ESA’s Albert Einstein spacecraft connects with space station

17 Jun 2013

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ATV Edoardo Amaldi and the International Space Station fire their thrusters to boost the orbital outpost's orbit in 2012. Image via ESA/NASA

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The European Space Agency’s (ESA) Albert Einstein spacecraft has successfully connected with the International Space Station (ISS) to supply provisions for the astronauts aboard the orbital outpost, plus fuel for rebooting the station’s orbit.

After blasting off via an Ariane 5 rocket on 5 June from Europe’s spaceport in Kourou, French Guiana, the ESA’s ATV-4 supply ship – a 20-tonne spacecraft dubbed Albert Einstein after the theoretical physicist of the same name – docked successfully with the ISS on Saturday, 15 June.

The Albert Einstein rendez-voused with the 420-tonne space station with a precision of a few centimetres, as both entities circled the Earth at 28,000 km/h, according to the ESA.

"Such a gentle contact between a spacecraft the size of a double-decker bus and a station 20 times larger is an amazing achievement, highlighting the impressive level of control achieved by this European space system," said Thomas Reiter, ESA’s director of human spaceflight and operations.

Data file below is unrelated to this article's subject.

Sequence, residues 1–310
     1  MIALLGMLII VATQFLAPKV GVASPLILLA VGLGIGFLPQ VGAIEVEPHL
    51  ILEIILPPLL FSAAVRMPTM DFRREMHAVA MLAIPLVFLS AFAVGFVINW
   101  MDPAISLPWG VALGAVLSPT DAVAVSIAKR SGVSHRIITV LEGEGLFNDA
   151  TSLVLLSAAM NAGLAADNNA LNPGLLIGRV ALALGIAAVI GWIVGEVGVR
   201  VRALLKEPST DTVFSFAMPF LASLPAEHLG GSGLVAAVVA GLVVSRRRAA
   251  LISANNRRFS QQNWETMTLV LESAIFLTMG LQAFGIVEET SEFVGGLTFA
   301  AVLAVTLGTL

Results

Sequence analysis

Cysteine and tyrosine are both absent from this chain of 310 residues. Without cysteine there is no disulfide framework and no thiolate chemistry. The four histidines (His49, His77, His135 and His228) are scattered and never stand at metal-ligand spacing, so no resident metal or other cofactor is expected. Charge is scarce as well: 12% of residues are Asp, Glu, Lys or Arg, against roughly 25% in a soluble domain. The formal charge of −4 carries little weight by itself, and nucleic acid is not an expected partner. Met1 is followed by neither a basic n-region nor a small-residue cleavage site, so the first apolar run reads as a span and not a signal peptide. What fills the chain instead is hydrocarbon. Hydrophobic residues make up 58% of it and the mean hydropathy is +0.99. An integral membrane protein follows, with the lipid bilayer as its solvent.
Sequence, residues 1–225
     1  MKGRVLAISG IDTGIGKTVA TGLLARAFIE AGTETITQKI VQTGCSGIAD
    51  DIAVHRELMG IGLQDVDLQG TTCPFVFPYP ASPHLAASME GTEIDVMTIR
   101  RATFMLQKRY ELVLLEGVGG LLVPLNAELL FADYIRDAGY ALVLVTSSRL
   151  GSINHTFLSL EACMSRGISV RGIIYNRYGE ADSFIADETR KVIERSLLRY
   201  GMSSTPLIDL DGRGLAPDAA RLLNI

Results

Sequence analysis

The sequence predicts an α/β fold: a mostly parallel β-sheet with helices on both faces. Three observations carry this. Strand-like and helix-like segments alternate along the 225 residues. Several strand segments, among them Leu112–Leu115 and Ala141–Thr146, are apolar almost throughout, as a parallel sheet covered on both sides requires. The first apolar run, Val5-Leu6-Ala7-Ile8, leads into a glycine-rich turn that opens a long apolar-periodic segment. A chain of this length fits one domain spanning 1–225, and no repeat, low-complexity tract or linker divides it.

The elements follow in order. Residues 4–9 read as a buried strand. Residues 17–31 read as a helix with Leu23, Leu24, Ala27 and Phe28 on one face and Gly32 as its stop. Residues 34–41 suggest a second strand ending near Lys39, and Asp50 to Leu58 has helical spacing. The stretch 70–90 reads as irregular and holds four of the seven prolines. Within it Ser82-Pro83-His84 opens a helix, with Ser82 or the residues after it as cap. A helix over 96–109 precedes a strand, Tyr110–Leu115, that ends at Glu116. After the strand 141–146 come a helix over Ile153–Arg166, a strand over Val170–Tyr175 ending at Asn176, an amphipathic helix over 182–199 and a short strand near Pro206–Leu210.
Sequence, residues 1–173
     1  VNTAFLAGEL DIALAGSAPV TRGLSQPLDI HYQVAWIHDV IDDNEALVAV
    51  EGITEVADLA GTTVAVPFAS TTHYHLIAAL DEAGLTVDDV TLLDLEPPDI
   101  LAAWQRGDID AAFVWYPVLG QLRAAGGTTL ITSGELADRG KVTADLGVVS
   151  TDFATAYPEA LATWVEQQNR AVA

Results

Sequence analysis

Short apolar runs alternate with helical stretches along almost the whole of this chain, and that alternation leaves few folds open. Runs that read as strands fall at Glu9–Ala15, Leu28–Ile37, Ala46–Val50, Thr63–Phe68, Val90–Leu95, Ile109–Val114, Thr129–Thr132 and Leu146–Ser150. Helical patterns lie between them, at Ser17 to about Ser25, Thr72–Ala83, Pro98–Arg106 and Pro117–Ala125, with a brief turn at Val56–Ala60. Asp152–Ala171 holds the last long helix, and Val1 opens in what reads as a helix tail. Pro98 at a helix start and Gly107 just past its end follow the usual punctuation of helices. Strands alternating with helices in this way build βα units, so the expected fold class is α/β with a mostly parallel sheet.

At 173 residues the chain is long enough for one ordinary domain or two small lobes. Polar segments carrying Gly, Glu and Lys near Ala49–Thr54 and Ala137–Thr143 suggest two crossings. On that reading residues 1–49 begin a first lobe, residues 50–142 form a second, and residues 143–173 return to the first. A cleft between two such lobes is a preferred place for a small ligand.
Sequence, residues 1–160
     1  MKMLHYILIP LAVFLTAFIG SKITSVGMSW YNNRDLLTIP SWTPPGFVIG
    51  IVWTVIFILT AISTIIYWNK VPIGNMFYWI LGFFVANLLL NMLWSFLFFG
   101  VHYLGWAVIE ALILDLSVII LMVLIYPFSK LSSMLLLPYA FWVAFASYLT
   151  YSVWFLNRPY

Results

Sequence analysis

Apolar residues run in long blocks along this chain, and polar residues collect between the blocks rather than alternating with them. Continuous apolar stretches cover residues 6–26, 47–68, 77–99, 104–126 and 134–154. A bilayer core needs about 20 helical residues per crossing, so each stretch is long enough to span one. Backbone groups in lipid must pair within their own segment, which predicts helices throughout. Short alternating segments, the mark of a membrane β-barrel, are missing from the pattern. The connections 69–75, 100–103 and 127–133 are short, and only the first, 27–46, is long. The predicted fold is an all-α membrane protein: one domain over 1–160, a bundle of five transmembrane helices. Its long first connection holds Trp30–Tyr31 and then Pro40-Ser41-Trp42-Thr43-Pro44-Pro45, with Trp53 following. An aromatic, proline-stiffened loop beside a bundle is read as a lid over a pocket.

Albert Einstein will remain connected to the space station for the next four months. As well as supplying goods and propellants, it will serve as an additional rest area for the six astronauts aboard the ISS if they need some time out from the cramped conditions in the space lab.

Italian astronaut Luca Parmitano pictured getting ready to take a picture of Earth from 400km high on the International Space Station. In this photo, Luca is in ESA's Cupola module that is used to monitor approaching spacecraft but also a window to our planet. Credit: ESA/NASA

Astronaut Luca Parmitano prepares to take a picture of Earth from 400km high on the International Space Station. In this photo, Parmitano is in ESA’s Cupola module that is used to monitor approaching spacecraft but also as a window to our planet. Image via ESA/NASA

Before it blasted off, the Albert Einstein was stocked with 2,480kg of dry cargo, such as food and clothing for the astronauts and scientific equipment.

In addition, the spacecraft carried propellants that will be used to regularly reboost the space station’s altitude in orbit. The Albert Einstein will also pump 570kg of drinking water and two tanks of oxygen into the space station’s tanks.

If that weren’t enough, it will also have the capacity to swerve the ISS out of the path of hazardous space debris.

At the end of its mission, scheduled for late October, the Albert Einstein will detach from the space station after it has been loaded with waste material.

The spacecraft will be directed to burn up safely over the South Pacific Ocean during re-entry into the Earth’s atmosphere, the ESA said.

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Carmel was a long-time reporter with Siliconrepublic.com

editorial@siliconrepublic.com